Thursday, July 2, 2015

The foolishness of the German Energiewende

As of late I've been reading a lot about the German Energy Swing (Energiewende, I'll abbreviate it into GES). Let's have a go at it from a simple mathematical viewpoint. How feasible is the GES?

I find it much more easy to talk in TWh rather than billion KWh
  • Renewables 157,4 TWh
  • Natural Gas 58.5 TWh
  • Hard Coal 109.9 TWh
  • Nuclear 96.9 TWh
  • Lignite 156 TWh
  • Total : 552 TWh

Broken down looks roughly like this

  • Hydro 20 TWh / 13 %
  • Wind 55 TWh / 34 %
  • Biomass 50 TWh / 31 %
  • PV 35 TWh / 22 %
... The German Federal Ministry for Economic affairs and Energy ...

The capacity factors of all the energy sources :

  • Hydro 5 GW / 5 %
  • Wind 40 GW / 42%
  • Biomass 10 GW / 11 %
  • PV 40 GW / 42 %
Look at the great discrepancies between capacity and generation. (rounded up)

  • Hydro 13 % generation > 5 % capacity (positive)
  • Wind 34 % generation < 42% capacity (negative)
  • Biomass 31% generation > 11 % capacity (positive)
  • PV 22% generation < 42 % capacity (negative)

There's a clear negative correlation between capacity and generation. Because of this we may conclude that the push for renewable energy, in particular PV and wind power is a push for inefficiency. The math comes out in favour of dispatchable energy generation. Whereas hydro is maximized and Biomass is a combination of tree/crop/methane burning with lots of emissions tied to it...

The only thing that matters within this context is efficiency in terms of generation. Annual generation fluctuates slightly between 550 and 600 TWh. Wind and PV only account for 90 TWh. Hydropower is pretty much maxed out and Biomass is essentially perpetuating the carbon emissions. So we may conclude that Germany needs to expand PV and Wind in order to achieve their goals.

The Germans need to close a gap of 460~510 TWh. I am not feeling generous today and will go for the 600 TWh figure. Wind would be 9% of the total energy generation and solar 6%. Which paints quite a grim picture. The Germans would have to increase Wind tenfold or Solar 17 fold.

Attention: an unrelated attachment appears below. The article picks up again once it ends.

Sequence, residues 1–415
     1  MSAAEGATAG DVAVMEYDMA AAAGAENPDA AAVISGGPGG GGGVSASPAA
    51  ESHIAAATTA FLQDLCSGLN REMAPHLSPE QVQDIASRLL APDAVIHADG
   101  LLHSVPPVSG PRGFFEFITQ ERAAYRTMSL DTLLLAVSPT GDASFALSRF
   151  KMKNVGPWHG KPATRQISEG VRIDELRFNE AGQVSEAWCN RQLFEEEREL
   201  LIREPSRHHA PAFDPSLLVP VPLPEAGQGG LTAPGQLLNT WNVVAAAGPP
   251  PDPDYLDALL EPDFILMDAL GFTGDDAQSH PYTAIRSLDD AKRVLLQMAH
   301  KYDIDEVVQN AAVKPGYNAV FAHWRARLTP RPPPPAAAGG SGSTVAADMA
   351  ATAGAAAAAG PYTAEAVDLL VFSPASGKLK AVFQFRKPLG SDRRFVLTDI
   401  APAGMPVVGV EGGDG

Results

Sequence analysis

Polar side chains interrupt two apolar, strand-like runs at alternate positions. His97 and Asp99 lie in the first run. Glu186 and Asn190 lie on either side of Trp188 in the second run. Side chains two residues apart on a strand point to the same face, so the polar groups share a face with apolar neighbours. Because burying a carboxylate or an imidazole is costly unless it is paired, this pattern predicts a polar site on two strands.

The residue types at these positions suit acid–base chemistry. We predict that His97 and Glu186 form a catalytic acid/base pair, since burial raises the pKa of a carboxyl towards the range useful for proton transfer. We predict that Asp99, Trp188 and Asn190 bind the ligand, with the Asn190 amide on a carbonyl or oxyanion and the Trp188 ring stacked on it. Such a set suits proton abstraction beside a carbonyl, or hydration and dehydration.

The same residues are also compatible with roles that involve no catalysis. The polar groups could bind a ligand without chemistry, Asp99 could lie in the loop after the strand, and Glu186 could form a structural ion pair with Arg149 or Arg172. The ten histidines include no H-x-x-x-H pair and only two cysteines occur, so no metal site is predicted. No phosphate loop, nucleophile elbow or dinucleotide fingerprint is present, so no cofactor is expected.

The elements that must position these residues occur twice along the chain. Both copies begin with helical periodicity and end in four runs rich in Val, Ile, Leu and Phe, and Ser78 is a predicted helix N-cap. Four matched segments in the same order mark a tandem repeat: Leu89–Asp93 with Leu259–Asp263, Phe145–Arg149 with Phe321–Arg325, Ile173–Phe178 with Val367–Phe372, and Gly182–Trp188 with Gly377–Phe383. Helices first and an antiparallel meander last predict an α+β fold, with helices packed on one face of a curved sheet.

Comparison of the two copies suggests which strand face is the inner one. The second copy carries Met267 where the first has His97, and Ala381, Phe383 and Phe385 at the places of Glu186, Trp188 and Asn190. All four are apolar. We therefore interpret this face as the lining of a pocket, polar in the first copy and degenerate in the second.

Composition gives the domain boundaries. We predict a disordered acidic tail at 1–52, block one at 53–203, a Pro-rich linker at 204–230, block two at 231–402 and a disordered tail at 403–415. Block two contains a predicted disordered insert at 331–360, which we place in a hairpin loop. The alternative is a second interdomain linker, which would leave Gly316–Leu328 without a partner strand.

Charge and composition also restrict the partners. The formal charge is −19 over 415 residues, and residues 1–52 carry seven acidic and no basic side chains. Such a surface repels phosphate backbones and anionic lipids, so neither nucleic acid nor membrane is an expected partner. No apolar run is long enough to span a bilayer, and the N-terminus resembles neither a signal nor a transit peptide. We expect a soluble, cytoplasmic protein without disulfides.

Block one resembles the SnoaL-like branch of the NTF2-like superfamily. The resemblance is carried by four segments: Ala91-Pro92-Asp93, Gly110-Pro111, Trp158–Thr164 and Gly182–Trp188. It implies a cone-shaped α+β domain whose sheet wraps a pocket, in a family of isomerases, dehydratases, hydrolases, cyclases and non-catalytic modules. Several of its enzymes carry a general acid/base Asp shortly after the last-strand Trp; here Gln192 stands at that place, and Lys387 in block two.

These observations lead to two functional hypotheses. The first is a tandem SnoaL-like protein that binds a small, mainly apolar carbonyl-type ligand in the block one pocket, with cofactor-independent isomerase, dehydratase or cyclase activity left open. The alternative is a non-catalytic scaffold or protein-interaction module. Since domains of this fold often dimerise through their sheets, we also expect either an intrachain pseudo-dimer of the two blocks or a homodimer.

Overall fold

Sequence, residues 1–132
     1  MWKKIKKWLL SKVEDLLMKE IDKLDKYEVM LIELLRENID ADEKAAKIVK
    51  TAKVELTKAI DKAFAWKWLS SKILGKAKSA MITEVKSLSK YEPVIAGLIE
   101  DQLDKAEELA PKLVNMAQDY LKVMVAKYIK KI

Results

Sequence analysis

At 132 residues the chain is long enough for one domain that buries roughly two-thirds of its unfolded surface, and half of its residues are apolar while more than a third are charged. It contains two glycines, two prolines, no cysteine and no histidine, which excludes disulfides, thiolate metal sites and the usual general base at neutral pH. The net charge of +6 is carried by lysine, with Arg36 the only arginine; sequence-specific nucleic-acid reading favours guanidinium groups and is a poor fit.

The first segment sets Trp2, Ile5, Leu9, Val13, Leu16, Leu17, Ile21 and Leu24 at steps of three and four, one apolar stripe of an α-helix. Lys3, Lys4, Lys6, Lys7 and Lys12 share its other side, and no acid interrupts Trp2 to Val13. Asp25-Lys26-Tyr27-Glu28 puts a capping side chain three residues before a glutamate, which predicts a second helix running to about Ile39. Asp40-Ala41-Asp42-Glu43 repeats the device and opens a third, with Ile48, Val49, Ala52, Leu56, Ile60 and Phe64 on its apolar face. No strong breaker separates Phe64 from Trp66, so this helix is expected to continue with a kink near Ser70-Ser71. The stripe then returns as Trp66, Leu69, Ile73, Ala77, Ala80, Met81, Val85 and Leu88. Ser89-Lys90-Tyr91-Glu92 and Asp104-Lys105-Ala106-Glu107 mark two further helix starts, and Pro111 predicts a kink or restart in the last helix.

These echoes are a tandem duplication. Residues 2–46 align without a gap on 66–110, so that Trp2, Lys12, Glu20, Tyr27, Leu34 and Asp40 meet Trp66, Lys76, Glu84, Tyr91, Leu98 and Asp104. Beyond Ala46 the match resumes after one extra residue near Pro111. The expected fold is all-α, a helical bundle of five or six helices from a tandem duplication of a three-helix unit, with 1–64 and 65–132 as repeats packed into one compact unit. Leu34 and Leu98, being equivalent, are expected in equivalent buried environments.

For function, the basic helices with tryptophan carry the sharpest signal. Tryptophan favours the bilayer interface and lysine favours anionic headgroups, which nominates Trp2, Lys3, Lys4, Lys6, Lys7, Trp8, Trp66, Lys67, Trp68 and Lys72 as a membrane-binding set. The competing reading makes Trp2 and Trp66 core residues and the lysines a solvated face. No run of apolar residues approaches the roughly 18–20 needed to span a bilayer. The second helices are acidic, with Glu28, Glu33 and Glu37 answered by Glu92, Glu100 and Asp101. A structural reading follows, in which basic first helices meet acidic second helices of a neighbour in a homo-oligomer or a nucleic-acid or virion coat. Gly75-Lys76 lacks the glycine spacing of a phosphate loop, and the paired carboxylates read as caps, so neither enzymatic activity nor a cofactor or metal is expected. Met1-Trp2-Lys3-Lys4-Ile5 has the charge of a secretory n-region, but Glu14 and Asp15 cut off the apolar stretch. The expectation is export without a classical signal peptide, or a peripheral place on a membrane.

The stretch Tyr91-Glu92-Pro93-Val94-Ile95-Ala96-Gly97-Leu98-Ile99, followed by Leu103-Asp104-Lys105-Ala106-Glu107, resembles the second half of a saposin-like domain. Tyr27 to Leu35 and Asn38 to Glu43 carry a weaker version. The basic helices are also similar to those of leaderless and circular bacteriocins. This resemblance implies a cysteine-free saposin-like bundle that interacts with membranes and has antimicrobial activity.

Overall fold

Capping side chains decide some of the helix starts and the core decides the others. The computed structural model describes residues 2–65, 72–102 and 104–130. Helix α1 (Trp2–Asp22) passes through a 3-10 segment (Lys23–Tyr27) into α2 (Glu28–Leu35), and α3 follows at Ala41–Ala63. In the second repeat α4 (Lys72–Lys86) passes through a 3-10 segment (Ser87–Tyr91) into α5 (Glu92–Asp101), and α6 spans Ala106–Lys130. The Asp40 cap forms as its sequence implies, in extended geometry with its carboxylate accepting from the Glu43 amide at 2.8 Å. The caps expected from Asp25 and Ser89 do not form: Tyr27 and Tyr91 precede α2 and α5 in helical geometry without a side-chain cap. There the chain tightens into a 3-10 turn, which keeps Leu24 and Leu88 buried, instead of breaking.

Capacities would look like this :
  • Wind 400 GW
  • Solar 680 GW
Quantifying this in units :
  • Wind 200.000 2 MW units
  • Solar 2.720.000.000 250 Watt superdeluxe units (< 2 billion 720 million)
Current global production rate of PV panels is about 200.000.000 worth of 250 Watt panels, given this figure if 100% of all the annually produced PV would be sold to Germany it would take them 13.6 years to get them produced and installed.

The funny thing is that we only know that about 50GW's worth of PV panels are being produced annually. I always like to bring up the Topaz PV plant in these kinds of circumstances. The Topaz PV plant in California generates about 1.1 TWh annually and does this with nine million PV panels. I suppose that the owners of this plant have made an excellent cost analysis and have figured out that this gives the highest cost-benefit ratio. Something easily adopted across the world.

Suppose the Germans want to mimic the Topaz PV plant in order to build 680 GW's worth of capacity. It would take about 500 of these to get there. No square footage doesn't really interest me that much, I'm simply here to show you the numerical feasibility...

4.500.000.000 Topaz PV panels would be required to fuel Germany's current electricity needs. How reasonable is it to expect PV to be the driver behind the push for renewables, the German Energy Switch...

What about the area available and required for windmills :

Now I apologize, I'm a metric guy so I'm going to change it into square meters.
0.0930777 km2 / MW
We need 400 GW / 400.000 MW
0.093077 * 400.000 = 37.230 km2
Germany is 357.168 km2

Solar would require 32.000 km2
Which means that more than 10% of all the land needs to be covered with Wind Turbines in order to satiate current demand, given the best case scenario I could find... What would the Germans have to say if all they could see across the entire horizon was wind turbines ?
And then there's the myth of energy storage, one I've gone over many times. It simply compounds the problem. If the Germans where to build 4 billion somewhat PV panels, they would need a very large sum of either electricity-gas conversion systems, hydro pumps or batteries. It would require yet again a vast amount of materials and labour.

Why do the Germans keep fooling themselves? Why do they shut down nuclear reactors? I mean all the graphs shared within this article come from a German Ministry... These people must be capable of doing some basic calculations. There are hundreds of people working on these graphs and calculations and yet no one stands up and mentions that the Germans are going in a direction that is numerically improbable and dare I say it contra-productive, dangerous, hazardous and wasteful.

What are we really doing?

We are discarding the one energy source that could solve all our issues, yet many of us are chasing unicorns (wind) and fairies (pv).

If the Germans really want to curb carbon emissions, they would be very wise to employ their technological fortitude in order to usher in a nuclear renaissance, rather than an ideological and supposedly green dead end.


  1. The hoped for advantages of wind and solar are outweighed by the disadvantages of their being so unreliable, which forces inefficient use of the other means of generation. It also drives more use of fossil fuels.

  2. Why not safe, green, economic Thorium MSR energy?

    1. Klaas,

      I am a huge advocate for MSR, of any design! Terrestrial, Transatomic, Thorcon, Flibe, etc. etc.
      I've even visited the MSR Symposium in Delft, did you get the chance to be there as well?